New member from Dayton Ohio area.

Discussion in 'New Member Introductions' started by Chris Matheny, Nov 27, 2019.

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  1. Nov 27, 2019 #1

    Chris Matheny

    Chris Matheny

    Chris Matheny

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    Hello all, I'm Chris Matheny from near the birthplace of aviation. I have started on an automotive conversion idea I had and have almost completed the redrive for it and should have the engine running it on a test stand by spring. This is a 4 cylinder inline liquid cooled turbo engine with dual spark plug head and fully redundant ECU's, injectors and sensors. Shooting for 250lbs with fluids ready to run and 150hp capability. I am putting it into a KR2S after all the kinks are worked out on the stand.
     
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  2. Nov 27, 2019 #2

    akwrencher

    akwrencher

    akwrencher

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    Nice. Pics if you have them, and what is the base engine? If you have the inclination, there are build logs on here as well. Welcome to the forum:)
     
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  3. Nov 27, 2019 #3

    ScaleBirdsScott

    ScaleBirdsScott

    ScaleBirdsScott

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    Look forward to seeing it.
     
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  4. Nov 27, 2019 #4

    Chris Matheny

    Chris Matheny

    Chris Matheny

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    I will have to setup a hosting spot to share my pics in the next few days. The PSRU/redrive is gear drive and designed around 300hp at 2700 prop RPM with a 2000hr tbo and 99.9% bearing life expectancy. I may design a second one for this lower hp engine that would be lighter in the future. This first engine is a 1.4L and makes over 150hp stock and over 200hp reliably when tuned. I only want 140-150hp max takeoff and 100-120 cruise. This is an LE2 GM engine.
     
  5. Dec 3, 2019 #5

    Darius Plank

    Darius Plank

    Darius Plank

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    Do you hangar your KR at Tremont?
     
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  6. Dec 3, 2019 #6

    cheapracer

    cheapracer

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    Be watching this one...
     
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  7. Dec 3, 2019 #7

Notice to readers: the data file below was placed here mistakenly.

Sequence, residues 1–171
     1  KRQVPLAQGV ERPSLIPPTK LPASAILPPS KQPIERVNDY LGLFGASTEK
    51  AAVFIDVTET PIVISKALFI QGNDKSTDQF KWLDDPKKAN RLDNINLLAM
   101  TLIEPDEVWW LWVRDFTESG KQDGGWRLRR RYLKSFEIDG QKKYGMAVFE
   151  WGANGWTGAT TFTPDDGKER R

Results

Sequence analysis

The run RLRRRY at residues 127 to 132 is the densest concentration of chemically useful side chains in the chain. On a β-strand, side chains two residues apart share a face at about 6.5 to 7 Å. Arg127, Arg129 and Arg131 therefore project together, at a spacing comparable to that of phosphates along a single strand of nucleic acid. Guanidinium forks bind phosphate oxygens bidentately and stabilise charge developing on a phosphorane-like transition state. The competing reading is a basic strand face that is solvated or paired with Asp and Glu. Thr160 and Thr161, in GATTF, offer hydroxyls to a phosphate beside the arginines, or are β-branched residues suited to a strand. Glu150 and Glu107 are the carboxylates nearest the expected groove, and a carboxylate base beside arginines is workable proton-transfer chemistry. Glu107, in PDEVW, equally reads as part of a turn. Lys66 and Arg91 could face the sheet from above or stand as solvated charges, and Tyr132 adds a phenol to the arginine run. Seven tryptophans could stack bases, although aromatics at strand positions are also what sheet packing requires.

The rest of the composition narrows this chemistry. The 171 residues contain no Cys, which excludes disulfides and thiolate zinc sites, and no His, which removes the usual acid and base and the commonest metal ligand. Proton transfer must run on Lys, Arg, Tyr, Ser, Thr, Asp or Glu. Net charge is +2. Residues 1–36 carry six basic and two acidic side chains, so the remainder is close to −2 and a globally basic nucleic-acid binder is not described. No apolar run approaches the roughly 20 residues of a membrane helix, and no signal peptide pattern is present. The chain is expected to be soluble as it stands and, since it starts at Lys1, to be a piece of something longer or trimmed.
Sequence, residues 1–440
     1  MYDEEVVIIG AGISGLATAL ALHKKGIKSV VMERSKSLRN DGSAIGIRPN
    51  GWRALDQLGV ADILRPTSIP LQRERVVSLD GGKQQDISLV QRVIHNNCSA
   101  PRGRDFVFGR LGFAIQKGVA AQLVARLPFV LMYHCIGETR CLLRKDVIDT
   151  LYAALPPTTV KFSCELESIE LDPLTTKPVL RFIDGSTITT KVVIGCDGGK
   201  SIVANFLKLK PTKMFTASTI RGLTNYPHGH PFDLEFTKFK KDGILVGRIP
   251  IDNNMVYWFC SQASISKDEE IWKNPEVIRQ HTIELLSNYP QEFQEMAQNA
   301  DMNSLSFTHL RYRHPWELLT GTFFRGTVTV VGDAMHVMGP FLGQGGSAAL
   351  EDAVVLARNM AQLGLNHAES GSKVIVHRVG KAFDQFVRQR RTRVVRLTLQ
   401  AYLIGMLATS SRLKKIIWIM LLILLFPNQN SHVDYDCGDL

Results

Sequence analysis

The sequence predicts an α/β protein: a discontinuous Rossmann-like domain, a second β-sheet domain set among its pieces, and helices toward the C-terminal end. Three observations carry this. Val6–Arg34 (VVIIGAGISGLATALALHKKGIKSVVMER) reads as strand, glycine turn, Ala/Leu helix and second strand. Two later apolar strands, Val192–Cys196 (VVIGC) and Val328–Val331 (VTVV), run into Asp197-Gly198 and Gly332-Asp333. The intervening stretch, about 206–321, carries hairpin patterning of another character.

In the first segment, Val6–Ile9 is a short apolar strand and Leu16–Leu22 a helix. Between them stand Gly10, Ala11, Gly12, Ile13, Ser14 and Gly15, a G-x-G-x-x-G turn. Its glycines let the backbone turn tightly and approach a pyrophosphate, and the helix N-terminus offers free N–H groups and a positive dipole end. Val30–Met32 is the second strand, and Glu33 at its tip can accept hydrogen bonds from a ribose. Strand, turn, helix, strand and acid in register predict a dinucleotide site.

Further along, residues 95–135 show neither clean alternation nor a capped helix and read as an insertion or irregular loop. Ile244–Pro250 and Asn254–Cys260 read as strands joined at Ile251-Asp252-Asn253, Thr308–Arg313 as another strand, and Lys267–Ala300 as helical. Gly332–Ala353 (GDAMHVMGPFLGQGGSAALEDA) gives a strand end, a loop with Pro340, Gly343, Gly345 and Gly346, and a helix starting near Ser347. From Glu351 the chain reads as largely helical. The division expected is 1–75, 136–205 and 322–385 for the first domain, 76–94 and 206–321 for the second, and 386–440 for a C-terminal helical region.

Chris Matheny

    Chris Matheny

    Chris Matheny

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    I am just building my KR but I'm actually south of St. Paris and very close to Tremont. I am taking my instruction at Grimes in Urbana though. Are you close?
     
  8. Dec 3, 2019 #8

    bmcj

    bmcj

    bmcj

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    Have you worked out the weight and balance for flight and also while setting on the gear? It seems like this will put more weight farther out on the nose. I know the KR already tends to be light on the tail and needs a weight in the back to hold the tail on the ground while the wings are off.
     
  9. Dec 3, 2019 #9

    Chris Matheny

    Chris Matheny

    Chris Matheny

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    Bmcj, no I haven't but there are many great flying examples with the corvair engine that shares the 250lb installed weight so I do not foresee any major surprises in W and B.
     
  10. Dec 3, 2019 #10

    wsimpso1

    wsimpso1

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    Two gears or three? Do you have an estimate of your first couple of natural frequencies. Did you design in a COTS elastic element?

    Billski
     
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  11. Dec 4, 2019 #11

    Darius Plank

    Darius Plank

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    Grimes is home for me. Used to fly an ercoupe till the late 90's, Mel Parshal was my instructor. Want to fly again soon. Would be fun to meet.
     
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  12. Dec 4, 2019 #12

    Chris Matheny

    Chris Matheny

    Chris Matheny

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    It's a strange design and contains 4 gears total but has a good reason to do so. I have a company in Cincinnati that will do the vibration analysis for me once complete. I have two different isolation coupling designs I'm wanting to try, well 3 but the third is more complex to machine and implement but would probably be the most effective.
     
  13. Dec 4, 2019 #13

    wsimpso1

    wsimpso1

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    I am the powertrain and isolation geek on HBA.com. I am always interested in seeing how the gear train and firing pulse isolation is done as well seeing how well it works. Maybe even visit to see your work?

    Billski
     
  14. Dec 5, 2019 #14

    proppastie

    proppastie

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    one might suggest testing this on a stable known airframe ......I do not believe it is very hard to get an "experimental product development" license say you wanted to do initial testing on an old C172...